Zero Waste Halloween Feast
Every Halloween, we throw away an estimated 18,000 tonnes of pumpkin in the UK. This frightening figure is the result of more than a million pumpkins being bought and hollowed out for decoration, and the pumpkin’s flesh being thrown away after carving, rather than making use of it in the kitchen.
A third of food is wasted world-wide every year, and whilst schemes such as Sustainable Food Cities are working on initiatives to stamp out waste in British cities, we can all do our part.
Pumpkin is hugely versatile food, and there's barely any part of the giant veg that can't be eaten. Read on for our tips on how to make yours a super spooky, zero-waste Halloween.
Save the seeds!
These recipes will help you make great use of the pumpkin's flesh, but don't let those seeds go to waste. Pumpkin seeds are a fantastic source of protein, omega-3 and unsaturated fats. Though they look messy inside the pumpkin, they're so easy to prepare and incredibly versatile.
After scraping the seeds from your pumpkin with a spoon, pull away the leftover, stringy flesh and rinse them clean in a sieve or bowl.
Once clean, roast them in the oven at around 180°C for about 10 minutes with seasoning of your choice - chilli, cumin and paprika work particularly well. Serve as a tasty snack, or try them sprinkled on Tom Hunt's Autumn Slaw.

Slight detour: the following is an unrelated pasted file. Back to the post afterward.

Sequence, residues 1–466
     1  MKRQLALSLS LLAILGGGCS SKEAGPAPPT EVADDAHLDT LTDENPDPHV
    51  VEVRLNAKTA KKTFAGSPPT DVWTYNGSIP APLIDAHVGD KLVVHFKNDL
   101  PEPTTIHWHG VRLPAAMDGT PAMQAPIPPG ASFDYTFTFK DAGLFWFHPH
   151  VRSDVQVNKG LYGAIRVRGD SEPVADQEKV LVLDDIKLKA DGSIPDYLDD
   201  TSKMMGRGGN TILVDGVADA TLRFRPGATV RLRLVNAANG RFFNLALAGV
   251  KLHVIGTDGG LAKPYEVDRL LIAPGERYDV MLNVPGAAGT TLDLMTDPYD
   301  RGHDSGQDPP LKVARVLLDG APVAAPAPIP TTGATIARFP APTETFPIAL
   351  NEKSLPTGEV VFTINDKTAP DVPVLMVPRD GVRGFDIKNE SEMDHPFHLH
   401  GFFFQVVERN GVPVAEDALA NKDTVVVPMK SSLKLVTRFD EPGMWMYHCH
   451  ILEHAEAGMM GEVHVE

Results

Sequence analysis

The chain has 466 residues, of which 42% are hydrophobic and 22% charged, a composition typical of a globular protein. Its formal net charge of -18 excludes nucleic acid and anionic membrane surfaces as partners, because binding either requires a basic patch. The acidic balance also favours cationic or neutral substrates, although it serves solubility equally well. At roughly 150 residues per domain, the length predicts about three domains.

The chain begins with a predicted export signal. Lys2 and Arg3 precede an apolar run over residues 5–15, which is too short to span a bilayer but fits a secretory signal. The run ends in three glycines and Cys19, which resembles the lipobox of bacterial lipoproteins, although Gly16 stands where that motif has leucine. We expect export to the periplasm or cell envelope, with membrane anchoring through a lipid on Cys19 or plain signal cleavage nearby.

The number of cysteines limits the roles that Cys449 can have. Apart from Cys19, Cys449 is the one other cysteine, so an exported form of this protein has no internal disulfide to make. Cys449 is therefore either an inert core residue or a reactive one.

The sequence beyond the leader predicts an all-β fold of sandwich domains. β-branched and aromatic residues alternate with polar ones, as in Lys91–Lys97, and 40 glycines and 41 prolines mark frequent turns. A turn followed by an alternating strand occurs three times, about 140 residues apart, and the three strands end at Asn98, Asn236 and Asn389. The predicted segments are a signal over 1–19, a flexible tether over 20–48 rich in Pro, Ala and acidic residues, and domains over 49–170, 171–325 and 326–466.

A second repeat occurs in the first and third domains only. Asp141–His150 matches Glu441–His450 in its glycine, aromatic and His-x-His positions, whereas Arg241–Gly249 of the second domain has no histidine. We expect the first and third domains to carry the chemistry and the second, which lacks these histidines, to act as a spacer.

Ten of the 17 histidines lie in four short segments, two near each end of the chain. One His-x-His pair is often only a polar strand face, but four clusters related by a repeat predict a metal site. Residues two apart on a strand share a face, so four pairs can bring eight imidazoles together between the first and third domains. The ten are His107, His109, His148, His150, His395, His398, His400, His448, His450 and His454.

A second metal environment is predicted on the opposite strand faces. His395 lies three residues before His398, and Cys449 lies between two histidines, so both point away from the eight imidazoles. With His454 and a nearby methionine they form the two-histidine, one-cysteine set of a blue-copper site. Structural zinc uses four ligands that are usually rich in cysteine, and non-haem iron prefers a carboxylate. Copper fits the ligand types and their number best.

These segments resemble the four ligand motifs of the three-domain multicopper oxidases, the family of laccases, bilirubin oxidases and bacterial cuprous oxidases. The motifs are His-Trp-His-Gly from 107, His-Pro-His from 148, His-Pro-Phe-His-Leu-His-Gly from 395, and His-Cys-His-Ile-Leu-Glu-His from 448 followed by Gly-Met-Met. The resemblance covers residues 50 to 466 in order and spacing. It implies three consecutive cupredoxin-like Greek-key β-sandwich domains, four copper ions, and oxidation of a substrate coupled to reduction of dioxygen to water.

A member of the squash family, pumpkin sits side by side with its less spooky and more widely eaten relative, the butternut. Squash has seen a huge revival recently, often appearing as the super nutritious centrepiece for vegetarian cooking.
You can switch squash for pumpkin in lots of great squash recipes, from risotto or chilli to curries and roasts. Like butternut squash, roasting pumpkin allows you to eat the skin, which has lots of nutritional benefits (and will save you from the painstaking peeling process!).
Abel & Cole's soup spicy recipe makes for a wonderful winter warmer or, if you find that there's not a whole load of pumpkin left after your carving session, whip together the scraps for these pumpkin and romesco fritters from Riverford.
If you're feeling ambitious, roasted and pureed pumpkin can be also used as a filling for homemade ravioli. This recipe from Daylesford takes you through the fundamentals of making the dish yourself. Like butternut squash, pumpkin works beautifully with sage, which can be briefly pan fried and added as an autumnal topping to your pumpkin pasta.
Part of pumpkin's diversity lies in its suitability for both sweet and savoury recipes. Whilst us Brits don't consume pumpkin pie in the same vast quantities as Americans, we are partial to a pumpkin spice latte at this time of year! If you're not so keen on sugary high-street coffee versions, try making it yourself using pumpkin puree.
Smaller pumpkins and sugar pumpkins (also known as pie pumpkins) tend to hold a sweeter, stronger taste that makes them better suited for sweet dishes.
Make a puree by roasting the whole pumpkin (seeds removed) and blending in a food processor, then it can be used in a host of recipes - we'd recommend Jolene Hart's pumpkin spice pudding, or this tasty vegan pumpkin pie recipe from the folk at Rebel Kitchen.
Share your tips for reducing food waste this Halloween with us at @SoilAssociation